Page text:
Autonomy on the Ocean
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  Timothy Barton   Timothy A. Barton
Maritime Chief Engineer
Leidos
 


 

Wednesday, February 1, 2017
11:30 AM - 12:00 PM

Level:  Business/Strategic


Autonomous vehicles are not just to be found on the road, nor is unmanned warfighting only conducted from the air. Leidos and the US Defense Advanced Research Projects Agency (DARPA) have partnered to design and build an autonomous, unmanned anti-submarine ship named the Sea Hunter (also known as the Anti-Submarine Warfare Continuous Trail Unmanned Vessel (ACTUV). The Sea Hunter will provide a revolutionary capability that can reduce mission cost and risk.  This presentation offers an overview of the ACTUV Program, the characteristics of the Sea Hunter vessel, and the autonomy architecture and behaviors that had to be designed in order to meet maritime collision regulations compliance. It will also discuss the test and evaluation process.  The technologies developed on this program will prove invaluable, and can be applied broadly in future government and industrial capabilities for autonomous and unmanned platforms.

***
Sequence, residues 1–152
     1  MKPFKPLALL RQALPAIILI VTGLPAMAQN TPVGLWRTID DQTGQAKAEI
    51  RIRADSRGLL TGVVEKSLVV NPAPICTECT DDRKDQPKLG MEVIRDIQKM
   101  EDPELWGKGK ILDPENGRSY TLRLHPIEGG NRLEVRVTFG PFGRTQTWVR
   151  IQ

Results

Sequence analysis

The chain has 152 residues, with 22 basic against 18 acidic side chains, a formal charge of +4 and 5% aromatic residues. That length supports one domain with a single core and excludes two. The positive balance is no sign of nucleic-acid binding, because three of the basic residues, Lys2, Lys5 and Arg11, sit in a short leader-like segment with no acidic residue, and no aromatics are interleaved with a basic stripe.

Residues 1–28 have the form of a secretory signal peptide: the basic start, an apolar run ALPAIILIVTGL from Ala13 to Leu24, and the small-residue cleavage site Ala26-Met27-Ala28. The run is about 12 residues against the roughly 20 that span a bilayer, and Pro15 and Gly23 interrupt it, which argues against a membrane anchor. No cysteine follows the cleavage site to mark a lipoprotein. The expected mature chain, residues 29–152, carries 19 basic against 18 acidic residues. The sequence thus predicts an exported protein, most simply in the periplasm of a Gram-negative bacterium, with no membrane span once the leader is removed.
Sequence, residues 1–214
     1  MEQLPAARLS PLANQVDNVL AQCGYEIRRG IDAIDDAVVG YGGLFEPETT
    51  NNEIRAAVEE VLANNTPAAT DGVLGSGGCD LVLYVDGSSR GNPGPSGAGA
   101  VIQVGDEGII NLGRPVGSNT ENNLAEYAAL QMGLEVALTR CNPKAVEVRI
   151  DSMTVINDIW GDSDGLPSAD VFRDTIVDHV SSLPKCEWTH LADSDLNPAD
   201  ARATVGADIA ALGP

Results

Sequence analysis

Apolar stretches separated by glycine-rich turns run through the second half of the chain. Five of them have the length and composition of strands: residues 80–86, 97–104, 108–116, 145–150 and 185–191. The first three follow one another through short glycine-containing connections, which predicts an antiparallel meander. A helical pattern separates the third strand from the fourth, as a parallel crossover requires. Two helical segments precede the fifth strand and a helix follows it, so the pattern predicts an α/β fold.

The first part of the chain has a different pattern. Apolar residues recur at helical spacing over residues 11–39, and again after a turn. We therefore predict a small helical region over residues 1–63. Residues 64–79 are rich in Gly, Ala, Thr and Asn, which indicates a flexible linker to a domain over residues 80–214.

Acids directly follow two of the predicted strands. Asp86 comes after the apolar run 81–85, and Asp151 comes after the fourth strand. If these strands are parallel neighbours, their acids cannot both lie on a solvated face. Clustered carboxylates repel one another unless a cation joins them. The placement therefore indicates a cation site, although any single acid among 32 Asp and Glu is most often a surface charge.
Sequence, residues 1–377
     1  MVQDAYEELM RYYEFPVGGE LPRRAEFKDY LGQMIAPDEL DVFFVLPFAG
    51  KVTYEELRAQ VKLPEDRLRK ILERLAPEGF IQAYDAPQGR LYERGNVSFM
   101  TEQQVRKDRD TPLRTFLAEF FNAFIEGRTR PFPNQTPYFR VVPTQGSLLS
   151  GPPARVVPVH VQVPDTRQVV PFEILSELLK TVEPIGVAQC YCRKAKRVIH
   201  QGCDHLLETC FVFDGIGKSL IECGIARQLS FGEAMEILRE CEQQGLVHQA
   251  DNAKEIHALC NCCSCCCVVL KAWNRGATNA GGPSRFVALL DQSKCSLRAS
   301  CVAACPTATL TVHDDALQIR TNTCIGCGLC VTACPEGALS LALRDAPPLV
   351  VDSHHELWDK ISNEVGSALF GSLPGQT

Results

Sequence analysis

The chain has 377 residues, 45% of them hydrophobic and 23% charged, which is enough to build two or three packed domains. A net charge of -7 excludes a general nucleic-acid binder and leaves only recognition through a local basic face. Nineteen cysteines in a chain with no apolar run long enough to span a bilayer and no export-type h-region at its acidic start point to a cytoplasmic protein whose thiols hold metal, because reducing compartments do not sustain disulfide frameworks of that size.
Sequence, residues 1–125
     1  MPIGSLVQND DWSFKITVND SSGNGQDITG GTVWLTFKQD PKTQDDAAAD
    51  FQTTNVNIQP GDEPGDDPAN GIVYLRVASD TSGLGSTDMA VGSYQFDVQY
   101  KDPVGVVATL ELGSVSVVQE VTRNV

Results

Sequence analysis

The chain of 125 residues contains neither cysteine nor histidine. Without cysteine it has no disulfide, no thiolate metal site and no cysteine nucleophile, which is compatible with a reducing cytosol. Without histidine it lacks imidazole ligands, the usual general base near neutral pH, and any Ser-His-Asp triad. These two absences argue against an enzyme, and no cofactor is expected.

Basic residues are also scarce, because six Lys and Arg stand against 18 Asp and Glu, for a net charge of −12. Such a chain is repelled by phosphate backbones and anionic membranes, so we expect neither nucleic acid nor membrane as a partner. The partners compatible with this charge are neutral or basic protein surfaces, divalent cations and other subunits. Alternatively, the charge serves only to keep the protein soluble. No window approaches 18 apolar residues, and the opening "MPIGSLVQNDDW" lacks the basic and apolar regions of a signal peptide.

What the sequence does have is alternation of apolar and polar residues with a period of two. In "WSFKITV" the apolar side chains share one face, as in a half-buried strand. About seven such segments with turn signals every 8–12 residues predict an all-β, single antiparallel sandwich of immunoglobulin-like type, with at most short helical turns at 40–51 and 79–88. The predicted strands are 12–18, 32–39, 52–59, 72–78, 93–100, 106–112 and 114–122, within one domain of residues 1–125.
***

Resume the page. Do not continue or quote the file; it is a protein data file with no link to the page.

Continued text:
Dr. Timothy A. Barton is a Leidos Senior Technical Fellow and Solutions Architect. He is currently the Maritime Chief Engineer of the Leidos Maritime, Integration, and Mission Systems Operation, where he oversees all technical aspects of the Operation's efforts in the maritime domain – including a wide variety of sensor systems and platforms. Dr. Barton's technical background and research interests include sonar and radar signal processing, algorithm development, autonomy, test and evaluation, underwater acoustics, and ocean engineering. Prior to joining Leidos (formerly SAIC) in 2005, Dr. Barton was a Staff Member at MIT Lincoln Laboratory from 1993 to 2005. Dr. Barton holds B.Sc. (1987) and M.Sc. (1989) degrees in Electrical Engineering from Southern Illinois University at Edwardsville, and a D.Sc. (1993) degree in Electrical Engineering from Washington University.


   
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